Although other signs and sensations are more common, eye pain is indeed a symptom of dry eyes. Dry eye discomfort can take the form of infrequent sharp pains in the eye or a relative constant stinging, grittiness or dull ache.
The cornea has a greater density of nerves and nociceptors (sensory receptors on nerve endings that respond to painful and damaging stimuli) than nearly all other body tissues. In fact, the density of nerve endings in the central cornea is estimated to be about 7,000 per square millimeter, and the density of nociceptors in corneal nerve endings is about 300 to 600 times greater than that found in nerves in the skin.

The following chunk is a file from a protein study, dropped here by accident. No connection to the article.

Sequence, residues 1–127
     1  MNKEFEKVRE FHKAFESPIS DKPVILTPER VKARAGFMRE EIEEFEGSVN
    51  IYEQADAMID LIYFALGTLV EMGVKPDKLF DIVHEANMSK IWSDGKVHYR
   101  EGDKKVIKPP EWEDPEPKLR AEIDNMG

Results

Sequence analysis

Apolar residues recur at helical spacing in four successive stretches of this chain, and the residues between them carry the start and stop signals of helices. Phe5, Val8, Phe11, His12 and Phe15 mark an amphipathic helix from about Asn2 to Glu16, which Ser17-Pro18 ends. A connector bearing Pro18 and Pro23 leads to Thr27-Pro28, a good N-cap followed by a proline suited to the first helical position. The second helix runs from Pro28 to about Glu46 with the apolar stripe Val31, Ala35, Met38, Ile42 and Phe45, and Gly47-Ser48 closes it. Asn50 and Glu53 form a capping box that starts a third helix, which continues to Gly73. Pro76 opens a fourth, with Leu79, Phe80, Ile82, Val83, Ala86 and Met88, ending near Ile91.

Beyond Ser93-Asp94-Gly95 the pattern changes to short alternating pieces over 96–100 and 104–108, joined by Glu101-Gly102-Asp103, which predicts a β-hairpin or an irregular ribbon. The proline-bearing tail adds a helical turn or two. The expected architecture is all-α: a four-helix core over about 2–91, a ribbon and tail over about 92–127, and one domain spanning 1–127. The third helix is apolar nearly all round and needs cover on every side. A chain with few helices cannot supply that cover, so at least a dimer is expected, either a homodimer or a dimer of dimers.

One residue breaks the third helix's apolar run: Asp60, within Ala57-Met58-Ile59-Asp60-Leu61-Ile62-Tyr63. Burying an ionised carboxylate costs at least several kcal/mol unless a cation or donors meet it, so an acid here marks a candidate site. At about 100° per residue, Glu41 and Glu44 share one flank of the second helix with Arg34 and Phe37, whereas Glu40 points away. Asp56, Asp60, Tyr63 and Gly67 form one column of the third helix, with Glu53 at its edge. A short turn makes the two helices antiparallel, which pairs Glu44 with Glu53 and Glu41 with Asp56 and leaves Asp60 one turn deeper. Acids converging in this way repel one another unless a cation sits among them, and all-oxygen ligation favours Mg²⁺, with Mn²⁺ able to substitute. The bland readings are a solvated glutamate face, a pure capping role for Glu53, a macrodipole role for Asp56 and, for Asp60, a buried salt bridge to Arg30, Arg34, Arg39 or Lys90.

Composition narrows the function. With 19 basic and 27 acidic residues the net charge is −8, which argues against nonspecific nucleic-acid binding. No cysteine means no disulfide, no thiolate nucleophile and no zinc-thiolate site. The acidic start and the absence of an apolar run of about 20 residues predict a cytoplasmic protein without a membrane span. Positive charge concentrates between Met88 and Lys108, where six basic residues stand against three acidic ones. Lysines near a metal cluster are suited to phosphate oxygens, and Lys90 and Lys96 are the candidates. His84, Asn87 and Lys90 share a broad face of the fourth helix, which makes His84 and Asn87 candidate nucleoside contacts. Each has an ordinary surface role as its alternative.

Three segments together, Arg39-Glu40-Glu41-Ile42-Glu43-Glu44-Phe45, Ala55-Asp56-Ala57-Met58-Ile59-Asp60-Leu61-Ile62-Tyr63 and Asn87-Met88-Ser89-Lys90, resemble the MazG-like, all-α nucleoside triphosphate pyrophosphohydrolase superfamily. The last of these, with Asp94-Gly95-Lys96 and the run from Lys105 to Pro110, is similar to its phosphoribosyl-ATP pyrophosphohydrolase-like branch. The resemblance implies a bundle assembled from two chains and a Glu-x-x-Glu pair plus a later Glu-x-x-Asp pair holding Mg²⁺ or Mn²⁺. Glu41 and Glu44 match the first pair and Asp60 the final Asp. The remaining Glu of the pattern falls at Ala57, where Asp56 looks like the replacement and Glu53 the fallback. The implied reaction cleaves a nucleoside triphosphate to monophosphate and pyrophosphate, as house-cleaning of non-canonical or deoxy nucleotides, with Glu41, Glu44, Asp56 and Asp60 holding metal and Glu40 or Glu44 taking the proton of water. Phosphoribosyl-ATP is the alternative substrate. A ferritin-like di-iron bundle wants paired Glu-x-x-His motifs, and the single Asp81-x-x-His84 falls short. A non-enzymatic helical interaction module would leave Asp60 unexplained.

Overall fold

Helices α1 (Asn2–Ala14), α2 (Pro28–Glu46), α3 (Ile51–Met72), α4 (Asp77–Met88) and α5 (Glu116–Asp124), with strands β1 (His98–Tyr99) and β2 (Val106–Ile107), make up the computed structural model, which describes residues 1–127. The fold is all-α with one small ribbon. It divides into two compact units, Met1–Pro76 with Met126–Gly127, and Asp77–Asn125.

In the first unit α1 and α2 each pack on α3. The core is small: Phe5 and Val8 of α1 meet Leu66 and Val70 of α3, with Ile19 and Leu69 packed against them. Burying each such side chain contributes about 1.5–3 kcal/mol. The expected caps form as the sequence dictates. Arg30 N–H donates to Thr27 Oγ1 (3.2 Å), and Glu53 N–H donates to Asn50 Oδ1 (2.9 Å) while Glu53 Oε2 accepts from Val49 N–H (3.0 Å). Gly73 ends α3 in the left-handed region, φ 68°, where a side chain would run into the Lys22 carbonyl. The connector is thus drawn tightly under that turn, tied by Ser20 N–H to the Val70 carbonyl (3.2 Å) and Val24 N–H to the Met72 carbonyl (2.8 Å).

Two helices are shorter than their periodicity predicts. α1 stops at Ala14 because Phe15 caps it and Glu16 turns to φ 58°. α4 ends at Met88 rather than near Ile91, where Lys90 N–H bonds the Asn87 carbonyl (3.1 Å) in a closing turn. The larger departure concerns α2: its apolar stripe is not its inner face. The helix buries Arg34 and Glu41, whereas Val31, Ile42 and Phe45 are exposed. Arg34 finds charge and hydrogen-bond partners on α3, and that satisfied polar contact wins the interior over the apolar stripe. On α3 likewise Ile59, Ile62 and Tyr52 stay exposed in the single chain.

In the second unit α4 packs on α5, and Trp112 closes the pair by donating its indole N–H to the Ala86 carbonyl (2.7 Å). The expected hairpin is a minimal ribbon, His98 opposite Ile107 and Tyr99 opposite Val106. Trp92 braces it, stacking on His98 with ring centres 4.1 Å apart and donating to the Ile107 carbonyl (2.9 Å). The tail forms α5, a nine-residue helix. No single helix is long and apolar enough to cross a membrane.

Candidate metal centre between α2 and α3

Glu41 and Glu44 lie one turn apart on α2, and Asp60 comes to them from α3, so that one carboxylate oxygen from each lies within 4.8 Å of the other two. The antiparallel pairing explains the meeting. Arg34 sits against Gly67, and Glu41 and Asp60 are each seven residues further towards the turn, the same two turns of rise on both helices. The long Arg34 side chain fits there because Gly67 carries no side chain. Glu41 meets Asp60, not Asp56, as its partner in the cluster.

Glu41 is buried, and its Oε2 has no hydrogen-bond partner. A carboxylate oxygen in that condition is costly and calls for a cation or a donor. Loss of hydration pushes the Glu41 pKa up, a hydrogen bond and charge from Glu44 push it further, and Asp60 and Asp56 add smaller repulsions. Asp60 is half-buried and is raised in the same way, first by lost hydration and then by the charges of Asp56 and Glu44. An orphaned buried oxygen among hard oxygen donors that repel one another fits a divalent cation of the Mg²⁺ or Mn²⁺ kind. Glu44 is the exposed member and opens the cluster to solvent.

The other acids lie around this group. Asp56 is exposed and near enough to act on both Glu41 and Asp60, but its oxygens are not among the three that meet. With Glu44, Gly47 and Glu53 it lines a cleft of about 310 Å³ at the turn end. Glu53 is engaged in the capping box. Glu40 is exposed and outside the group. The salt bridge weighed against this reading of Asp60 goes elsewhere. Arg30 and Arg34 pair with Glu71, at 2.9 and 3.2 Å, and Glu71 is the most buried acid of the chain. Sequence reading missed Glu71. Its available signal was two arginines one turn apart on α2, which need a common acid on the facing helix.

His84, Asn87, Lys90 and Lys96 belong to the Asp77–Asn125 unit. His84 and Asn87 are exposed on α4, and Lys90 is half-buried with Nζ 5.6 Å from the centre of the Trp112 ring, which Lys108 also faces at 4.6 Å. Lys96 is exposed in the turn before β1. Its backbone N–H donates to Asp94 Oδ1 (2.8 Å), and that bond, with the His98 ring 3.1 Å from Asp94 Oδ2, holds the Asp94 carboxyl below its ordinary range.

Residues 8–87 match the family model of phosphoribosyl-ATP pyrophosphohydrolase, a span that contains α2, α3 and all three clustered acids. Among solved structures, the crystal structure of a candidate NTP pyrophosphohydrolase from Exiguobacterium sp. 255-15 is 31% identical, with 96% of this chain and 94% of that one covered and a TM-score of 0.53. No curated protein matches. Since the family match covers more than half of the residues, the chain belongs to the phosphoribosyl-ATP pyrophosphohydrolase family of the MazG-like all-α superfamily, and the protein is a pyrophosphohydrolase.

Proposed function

This high density of nerve endings and nociceptors is why the cornea is so sensitive to surface damage, including that caused by dry eye. It also explains why even a minor corneal abrasion can be very painful.
If you experience sudden or recurring sharp eye pain, it’s possible your eyes are so dry that your upper eyelid is sticking to your cornea and pulling cells from it each time you blink. If this is the case, your eye doctor will prescribe one or more dry eye treatments to get your eyes comfortable again.